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Norfolk Island Fitness and Health News

Thursday, March 07, 2019

  • Need some motivation to focus on your health and fitness?

MOVE, IMPROVE and find your Health and Fitness "GROOVE" with our 8 WEEK BODY BLITZ Program. Complete on your own or with a like-minded Training buddy. YOU choose the Start Date.

  • Members only competition!

Register now for our 30 Day "METRE MADNESS" Rowing Challenge starting MONDAY APRIL 1st and finishing on TUESDAY APRIL 30th.
Earn the right to "beat the Boss".

  • NEW LORNA JANE Active Wear in stock.

All Gym Enquiries to 52809 or 23569.

                "Motivate the Mind and the Body will follow."

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Non-Violent Communication: Tackling Domestic and Family Abuse

Friday, March 01, 2019

This week’s three-day training with the NSW Education Centre Against Violence (ECAV) has been a reminder about the critical importance for all of us to raise our skills in positive relationship-building. With so many changes in our community over recent years, and the distress and tension felt by many Norfolk Islanders who don’t share identical views on this, it’s easy to lose sight of the fact that a thriving community depends on peaceful processes for building connections and maintaining healthy patterns of communication.

Statistics about domestic abuse are sobering - the Australian Institute of Health and Welfare released a report last year on family, domestic and sexual violence in Australia. It revealed that 1 in 6 women and 1 in 9 men were physically and/or sexually abused before the age of 15. Almost 1 in 4 (23%) women and 1 in 6 (16%) men have experienced emotional abuse from a current or previous partner. Close to 8 women and 2 men are hospitalised each day after being assaulted by their spouse or partner. The Norfolk Island Health Survey conducted in 20914 showed that 1 in 4 people in our community are “at risk” from violence within intimate partner relationships or within the family.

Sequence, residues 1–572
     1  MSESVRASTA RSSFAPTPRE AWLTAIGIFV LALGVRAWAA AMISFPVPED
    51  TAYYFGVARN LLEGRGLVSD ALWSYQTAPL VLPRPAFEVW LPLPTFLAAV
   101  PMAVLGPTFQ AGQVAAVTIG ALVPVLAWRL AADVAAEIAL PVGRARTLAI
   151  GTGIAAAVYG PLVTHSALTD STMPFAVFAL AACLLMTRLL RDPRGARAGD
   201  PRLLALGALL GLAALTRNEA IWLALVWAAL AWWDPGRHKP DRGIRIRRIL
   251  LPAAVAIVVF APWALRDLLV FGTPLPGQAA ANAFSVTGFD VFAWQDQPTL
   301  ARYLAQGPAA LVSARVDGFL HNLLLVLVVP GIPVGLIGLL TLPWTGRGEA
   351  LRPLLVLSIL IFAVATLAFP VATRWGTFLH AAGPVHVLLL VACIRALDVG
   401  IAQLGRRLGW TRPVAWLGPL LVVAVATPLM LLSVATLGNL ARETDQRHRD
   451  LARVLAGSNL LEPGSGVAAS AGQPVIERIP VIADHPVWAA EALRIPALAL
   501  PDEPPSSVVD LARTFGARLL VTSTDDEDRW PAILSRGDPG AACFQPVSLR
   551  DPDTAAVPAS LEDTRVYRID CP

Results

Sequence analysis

Whilst these statistics are headline-grabbing because they draw attention to what is obviously a very serious social problem, with the potential to inflict grave harm on many people, myths about abusive behaviour remain common. For example, surveys show that because coverage of domestic violence overwhelmingly focuses on physical abuse, many people have difficulty self-identifying as victims of its verbal, emotional, psychological or financial forms. Verbal put-downs, threats, intimidation, emotional withholding, property destruction, and harm to pets are all forms of abuse where one person is imposing power and coercive control over another. 

Another common myth is that “real” domestic abuse is primarily men against women. But according to the Centres for Disease Control and Prevention, 1 in 7 men in the United States have been victims of severe physical violence by an intimate partner, and 29% of heterosexual men have experienced rape, physical violence and/or stalking by an intimate partner. The Australian Bureau of Statistics “Recorded Crime - Victims, Australia, 2017” released last year found that males comprised just under half (43% - 54 victims) of all victims of Family and Domestic Violence-related Murders.
Men, more so than women, can also experience legal and administrative abuse - the use of institutions such as legal systems to inflict further abuse on a victim, for example, taking out false restraining orders or not allowing the victim access to his children. Male victims are still excluded from many government anti-violence programs and there are few refuges available for men to seek safety from abusive relationships. 
Abuse in any form should never be tolerated. But if it’s so prevalent, where do we start to try stamping it out?